The lecture below makes it understandable, why a mast cell modulator as palmitoylethanolamide can be used to treat chronic pain, inflammation and depression:
Mast cells derive from hematopoietic stem cells and circulate as immature progenitors; maturation occurs upon reaching their destination tissue (Galli et al., 2005; Galli and Tsai, 2008). Mast cells are characterized by a high density of cytoplasmic granules which undergo partial or complete degranulation in response to a wide range of immunological and non-immunological stimuli. These granules contain plethora of mediators, including histamine, heparin, serotonin, chemotactic factors and various proteases such as peroxidase, tryptase, chymase, carboxidase, and beta-glucuronidase (Frenzel & Hermine, 2012). Mast cells are unique in that they are the only cell type that stores pre-formed tumor necrosis factor alpha (TNF-α) in secretory granules (Olszewski et al., 2007), which positions them as early responders in acute inflammatory responses (Jim et al., 2009). Moreover, activated mast cells are capable of elaborating secondary mediators such as prostaglandins, leukotrienes, numerous cytokines (e.g. interleukins (IL)-1, -3, -4, -5, -6, -10, -4 and -17, as well as transforming growth factor beta and nerve growth factor (Leon et al., 1994; Halova et al., 2012).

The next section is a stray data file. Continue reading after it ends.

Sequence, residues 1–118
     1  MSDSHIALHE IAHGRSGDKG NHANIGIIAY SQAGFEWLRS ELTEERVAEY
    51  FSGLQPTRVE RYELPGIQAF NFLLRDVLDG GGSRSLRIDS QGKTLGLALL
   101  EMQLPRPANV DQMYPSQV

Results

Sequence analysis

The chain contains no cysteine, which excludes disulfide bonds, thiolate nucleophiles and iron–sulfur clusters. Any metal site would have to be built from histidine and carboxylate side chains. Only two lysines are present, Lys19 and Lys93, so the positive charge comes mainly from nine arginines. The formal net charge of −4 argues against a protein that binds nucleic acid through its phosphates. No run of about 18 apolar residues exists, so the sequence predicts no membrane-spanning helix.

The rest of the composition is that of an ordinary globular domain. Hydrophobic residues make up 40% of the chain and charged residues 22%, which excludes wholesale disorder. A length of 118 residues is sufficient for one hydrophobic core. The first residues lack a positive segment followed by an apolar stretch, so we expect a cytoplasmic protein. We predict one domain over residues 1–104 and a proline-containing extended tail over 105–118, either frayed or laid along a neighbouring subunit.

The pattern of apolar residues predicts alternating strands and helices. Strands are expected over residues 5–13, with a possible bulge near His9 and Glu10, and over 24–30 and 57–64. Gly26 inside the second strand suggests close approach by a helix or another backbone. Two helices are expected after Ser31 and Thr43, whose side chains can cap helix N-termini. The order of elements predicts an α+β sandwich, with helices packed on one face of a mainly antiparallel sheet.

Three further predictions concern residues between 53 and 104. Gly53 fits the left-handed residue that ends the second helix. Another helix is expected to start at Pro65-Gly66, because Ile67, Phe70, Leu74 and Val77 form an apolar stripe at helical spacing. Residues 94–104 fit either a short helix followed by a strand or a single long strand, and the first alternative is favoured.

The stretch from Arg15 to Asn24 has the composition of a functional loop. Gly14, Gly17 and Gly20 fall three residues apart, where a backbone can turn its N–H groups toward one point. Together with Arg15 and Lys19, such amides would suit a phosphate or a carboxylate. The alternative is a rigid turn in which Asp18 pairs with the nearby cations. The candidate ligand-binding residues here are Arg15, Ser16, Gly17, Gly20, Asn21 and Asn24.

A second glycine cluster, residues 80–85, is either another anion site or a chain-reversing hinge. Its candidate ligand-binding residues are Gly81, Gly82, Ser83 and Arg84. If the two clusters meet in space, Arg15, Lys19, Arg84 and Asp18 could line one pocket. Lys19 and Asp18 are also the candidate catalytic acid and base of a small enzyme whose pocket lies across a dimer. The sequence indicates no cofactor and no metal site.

By synthesizing and releasing diverse types of inflammatory mediators, mast cells may provoke pathophysiological changes in various organs and systems, leading to intersystemic homeostasis imbalance and development of pathological conditions often associated with persistent inflammation and chronic or neuropathic pain (Ren & Dubner, 2010; Dai & Korthuis, 2011; Anand et al., 2012).
Graziottin A. Fusco M. Mast cells in chronic inflammation, pain and depression. Full paper under link: